Should a novel have a bibliography? Looking for an answer I went to books by such authors as John Steinbeck, Ernest Hemingway, Amy Tan, Daleen Matthee, John Irving, Thomas Hardy, EM Forester, Amos Oz, Alexander McCall Smith, Charles Dickens and Vladimir Nabokov. None have bibliographies.
Michael Ondaatjie references only those sources he has quoted verbatim. Oscar Wilde’s The Picture of Dorian Gray has an extensive biblio but, I discovered, it was added in later editions by an editor as an educational aide. Stuart Cloete’s Rags of Glory, on the other hand, has an extensive biblio – but then it’s so close to a formal history of the Anglo-Boer War is should have one. A brief scan through the latest South African novels came up with almost no biblios.
My question was kicked off by a reviewer saying my novel, Rainmaker, needed one. But did it? It got me thinking. The question seemed more answerable when I asked what a bibliography was for. It tells you where the background information came from and nods appreciation for all those who came before you. Novelists generally have a wide range of influences – books, interviews, newspapers, books and their own integrative creativity. Their aim, it seems to me, is to create a believable world between the covers – or within the Kindle.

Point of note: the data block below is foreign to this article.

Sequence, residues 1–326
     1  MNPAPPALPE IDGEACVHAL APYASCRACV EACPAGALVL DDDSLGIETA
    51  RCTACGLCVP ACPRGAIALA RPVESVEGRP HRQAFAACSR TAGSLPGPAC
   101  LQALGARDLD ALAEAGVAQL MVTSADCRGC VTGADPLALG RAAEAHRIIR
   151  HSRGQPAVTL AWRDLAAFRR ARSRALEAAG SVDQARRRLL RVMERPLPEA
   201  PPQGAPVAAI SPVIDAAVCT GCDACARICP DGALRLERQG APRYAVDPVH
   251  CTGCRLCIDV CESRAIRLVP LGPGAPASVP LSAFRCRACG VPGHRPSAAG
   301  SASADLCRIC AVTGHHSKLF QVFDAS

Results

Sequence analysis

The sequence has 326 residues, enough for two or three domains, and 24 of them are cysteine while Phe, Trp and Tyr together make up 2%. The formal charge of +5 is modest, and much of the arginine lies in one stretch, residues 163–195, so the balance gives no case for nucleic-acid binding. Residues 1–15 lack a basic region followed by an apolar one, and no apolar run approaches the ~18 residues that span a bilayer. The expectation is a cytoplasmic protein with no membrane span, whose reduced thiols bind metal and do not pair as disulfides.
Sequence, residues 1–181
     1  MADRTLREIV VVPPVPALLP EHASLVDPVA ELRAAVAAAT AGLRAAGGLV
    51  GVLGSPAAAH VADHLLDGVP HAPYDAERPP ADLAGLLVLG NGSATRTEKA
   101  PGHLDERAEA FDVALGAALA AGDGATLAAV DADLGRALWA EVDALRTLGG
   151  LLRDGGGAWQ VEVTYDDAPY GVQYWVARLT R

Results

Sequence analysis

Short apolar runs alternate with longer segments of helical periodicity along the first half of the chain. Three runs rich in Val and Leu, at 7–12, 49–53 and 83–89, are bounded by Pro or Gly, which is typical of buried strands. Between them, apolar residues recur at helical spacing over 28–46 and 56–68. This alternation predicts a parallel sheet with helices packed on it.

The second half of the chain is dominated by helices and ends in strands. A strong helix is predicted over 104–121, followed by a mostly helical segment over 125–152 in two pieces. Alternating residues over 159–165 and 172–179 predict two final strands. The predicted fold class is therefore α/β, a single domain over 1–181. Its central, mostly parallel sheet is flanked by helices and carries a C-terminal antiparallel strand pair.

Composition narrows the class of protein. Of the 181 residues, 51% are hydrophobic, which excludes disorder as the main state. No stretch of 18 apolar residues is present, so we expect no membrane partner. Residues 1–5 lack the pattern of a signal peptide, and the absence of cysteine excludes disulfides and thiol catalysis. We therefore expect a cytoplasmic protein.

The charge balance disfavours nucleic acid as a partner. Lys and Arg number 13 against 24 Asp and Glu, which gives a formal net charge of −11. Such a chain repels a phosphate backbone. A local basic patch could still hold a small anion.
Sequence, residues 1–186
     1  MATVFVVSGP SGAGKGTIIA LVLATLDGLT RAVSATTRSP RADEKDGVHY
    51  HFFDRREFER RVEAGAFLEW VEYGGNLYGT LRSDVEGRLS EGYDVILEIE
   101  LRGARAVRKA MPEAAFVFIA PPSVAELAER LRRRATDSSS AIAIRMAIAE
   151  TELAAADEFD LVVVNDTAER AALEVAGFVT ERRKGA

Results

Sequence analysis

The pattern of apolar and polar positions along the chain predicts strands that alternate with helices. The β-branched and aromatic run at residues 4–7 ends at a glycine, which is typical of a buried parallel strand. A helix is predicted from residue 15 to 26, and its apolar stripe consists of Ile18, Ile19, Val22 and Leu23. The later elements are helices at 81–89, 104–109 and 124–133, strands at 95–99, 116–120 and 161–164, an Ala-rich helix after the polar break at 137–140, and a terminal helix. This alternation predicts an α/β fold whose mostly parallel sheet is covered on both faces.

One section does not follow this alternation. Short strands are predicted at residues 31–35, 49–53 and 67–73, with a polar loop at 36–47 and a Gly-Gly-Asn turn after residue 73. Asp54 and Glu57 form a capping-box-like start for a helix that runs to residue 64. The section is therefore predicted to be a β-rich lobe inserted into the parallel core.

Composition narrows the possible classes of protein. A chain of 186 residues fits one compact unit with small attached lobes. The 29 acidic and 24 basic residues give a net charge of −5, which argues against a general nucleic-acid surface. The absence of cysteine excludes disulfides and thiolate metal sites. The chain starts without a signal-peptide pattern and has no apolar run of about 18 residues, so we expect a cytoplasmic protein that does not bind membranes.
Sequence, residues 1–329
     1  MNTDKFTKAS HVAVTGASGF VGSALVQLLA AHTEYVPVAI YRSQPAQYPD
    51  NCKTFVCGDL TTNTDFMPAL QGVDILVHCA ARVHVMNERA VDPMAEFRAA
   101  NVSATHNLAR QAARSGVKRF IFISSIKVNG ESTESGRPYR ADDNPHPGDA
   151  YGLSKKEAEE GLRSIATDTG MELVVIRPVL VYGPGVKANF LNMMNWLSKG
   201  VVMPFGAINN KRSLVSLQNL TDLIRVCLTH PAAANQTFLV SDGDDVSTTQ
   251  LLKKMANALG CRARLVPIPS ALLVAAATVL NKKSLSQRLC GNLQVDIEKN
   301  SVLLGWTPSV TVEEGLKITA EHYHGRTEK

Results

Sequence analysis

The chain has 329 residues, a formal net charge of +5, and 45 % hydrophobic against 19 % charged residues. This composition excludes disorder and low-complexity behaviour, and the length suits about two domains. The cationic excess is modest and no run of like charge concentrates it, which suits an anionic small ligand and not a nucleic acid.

A brief acknowledgement is fine. But a bibliography suggests to the reader that the novel is made up of many pieces of other worlds and therefore isn’t itself whole and believable. I’ll stick my neck out and say I think a bibliography shoots a novel in the foot. What do you think?